Key Kursk Facts
The outer hull of the Oscar II submarine was made of high-nickel, high-chrome content stainless steel that was .33 inches (8.5mm) thick. It had exceptionally good resistance to corrosion and a weak magnetic signature, which helped prevent detection by Magnetic Anomaly Detection (MAD) systems. There was also a 6.5-foot (2-meter) gap between the outer hull and the two-inch (50.8mm) steel inner hull.
The Oscar II boats are fitted with a seven-bladed propeller system, which made it far quieter than the Oscar I’s four-blade propeller. The subs were powered by two pressurized water-cooled reactors that powered two steam turbines and delivered 73,070 kw (98,000 shp) to two shafts.
The Soviet-designed boats were also built with at least ten separate compartments that could be sealed off from each other in the event of an accident. Those compartments were numbered in sequence from fore to aft. As with other Soviet-era submarine designs, the Oscar was equipped with a bridge to open to the elements on the top of the sail, as well as an enclosed bridge forward of the station in the sail for use in inclement weather.
It reportedly cost around $65 million to recover the wreck, which required assistance from the Dutch marine salvage companies Smit International and Mammoet. It was the largest salvage operation of its type ever accomplished, yet, it took the Mammoet-Smit International Consortium just over 15 hours.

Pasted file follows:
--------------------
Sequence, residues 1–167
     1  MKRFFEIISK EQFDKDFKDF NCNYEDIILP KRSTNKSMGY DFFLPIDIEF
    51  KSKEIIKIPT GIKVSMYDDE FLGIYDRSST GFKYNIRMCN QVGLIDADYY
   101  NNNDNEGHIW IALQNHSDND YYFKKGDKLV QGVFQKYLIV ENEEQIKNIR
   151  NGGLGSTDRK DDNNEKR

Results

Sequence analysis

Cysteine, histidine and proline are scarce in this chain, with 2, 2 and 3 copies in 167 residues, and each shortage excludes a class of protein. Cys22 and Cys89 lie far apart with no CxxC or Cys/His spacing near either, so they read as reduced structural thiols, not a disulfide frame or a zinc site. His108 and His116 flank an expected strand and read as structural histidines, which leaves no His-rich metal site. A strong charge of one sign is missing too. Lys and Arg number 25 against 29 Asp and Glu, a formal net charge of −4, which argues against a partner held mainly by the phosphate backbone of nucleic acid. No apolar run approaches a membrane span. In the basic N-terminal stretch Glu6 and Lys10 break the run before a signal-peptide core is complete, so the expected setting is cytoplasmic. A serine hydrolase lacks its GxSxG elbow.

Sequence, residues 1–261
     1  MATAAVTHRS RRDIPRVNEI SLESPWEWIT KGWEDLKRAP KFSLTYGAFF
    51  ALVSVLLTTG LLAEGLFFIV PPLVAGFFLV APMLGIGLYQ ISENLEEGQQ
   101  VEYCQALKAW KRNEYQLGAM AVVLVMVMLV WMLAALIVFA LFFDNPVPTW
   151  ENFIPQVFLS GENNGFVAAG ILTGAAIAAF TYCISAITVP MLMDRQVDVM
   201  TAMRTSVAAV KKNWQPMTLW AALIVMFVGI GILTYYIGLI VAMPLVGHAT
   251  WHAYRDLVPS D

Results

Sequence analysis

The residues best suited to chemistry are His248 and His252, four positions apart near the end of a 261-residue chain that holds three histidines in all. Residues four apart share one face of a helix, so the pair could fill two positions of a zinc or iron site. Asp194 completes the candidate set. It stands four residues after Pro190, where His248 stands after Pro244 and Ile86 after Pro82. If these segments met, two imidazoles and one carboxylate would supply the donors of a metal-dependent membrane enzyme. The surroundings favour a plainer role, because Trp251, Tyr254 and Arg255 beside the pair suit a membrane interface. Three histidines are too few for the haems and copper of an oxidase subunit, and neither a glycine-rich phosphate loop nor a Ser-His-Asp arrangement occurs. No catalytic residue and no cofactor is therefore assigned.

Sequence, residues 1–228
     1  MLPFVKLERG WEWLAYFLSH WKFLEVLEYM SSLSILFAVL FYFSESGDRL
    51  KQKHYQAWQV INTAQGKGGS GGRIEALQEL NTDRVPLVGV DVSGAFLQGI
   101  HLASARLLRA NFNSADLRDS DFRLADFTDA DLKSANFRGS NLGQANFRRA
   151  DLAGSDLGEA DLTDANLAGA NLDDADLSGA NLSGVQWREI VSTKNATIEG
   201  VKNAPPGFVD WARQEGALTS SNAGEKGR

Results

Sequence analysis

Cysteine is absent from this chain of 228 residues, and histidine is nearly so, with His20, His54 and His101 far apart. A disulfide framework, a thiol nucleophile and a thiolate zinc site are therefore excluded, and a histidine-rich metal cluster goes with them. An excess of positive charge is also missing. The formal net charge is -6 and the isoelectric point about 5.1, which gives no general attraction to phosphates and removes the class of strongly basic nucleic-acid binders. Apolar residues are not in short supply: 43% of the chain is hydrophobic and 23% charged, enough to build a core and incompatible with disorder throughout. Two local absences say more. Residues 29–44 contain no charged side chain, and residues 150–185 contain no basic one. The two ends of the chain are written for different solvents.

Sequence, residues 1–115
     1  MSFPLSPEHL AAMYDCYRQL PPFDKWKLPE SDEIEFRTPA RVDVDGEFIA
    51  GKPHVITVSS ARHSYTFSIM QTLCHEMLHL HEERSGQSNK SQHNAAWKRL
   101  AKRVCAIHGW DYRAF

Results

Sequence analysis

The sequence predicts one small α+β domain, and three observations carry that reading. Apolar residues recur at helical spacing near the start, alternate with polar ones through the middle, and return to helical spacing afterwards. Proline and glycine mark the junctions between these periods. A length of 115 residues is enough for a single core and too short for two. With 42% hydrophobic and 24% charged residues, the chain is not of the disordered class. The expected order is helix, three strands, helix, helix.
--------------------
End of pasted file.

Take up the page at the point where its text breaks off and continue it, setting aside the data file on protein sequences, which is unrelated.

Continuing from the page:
The Kursk was lifted on steel cables lowered from a Giant 4 barge. The effort required clamps under the sub, while its protruding conning tower and tail fins were tightly fitted into holes carved in the vessel.
"I'm very proud that we made a success," Frans van Seumeren, president of the Dutch Mammoet company, told reporters in October 2001. "We worked hard, sometimes it was difficult but in the end we succeeded."
Torpedo Explosion To Blame?
After the Kursk's wreckage was recovered, the explosion was ultimately traced to one of the boat's Type-65-76A torpedoes.
Though that weapon is powerful enough to destroy an aircraft carrier with a single hit, the Soviet Union inexplicably designed the torpedo to run on hydrogen peroxide fuel, which is highly volatile and requires careful handling.
According to multiple reports, the crew had not been adequately trained to handle those torpedoes or the fuel.
Conspiracy Theories Have Swirled
In the years that followed the Kursk accident, Russian media claimed that two U.S. submarines as well as a British sub had been spotted in the area near the Russian naval exercise when the Kursk disaster occurred. U.S. officials have acknowledged that an American submarine was in the area but denied that it collided with the Kursk.
NATO officials said the same thing about U.S. and U.K. vessels.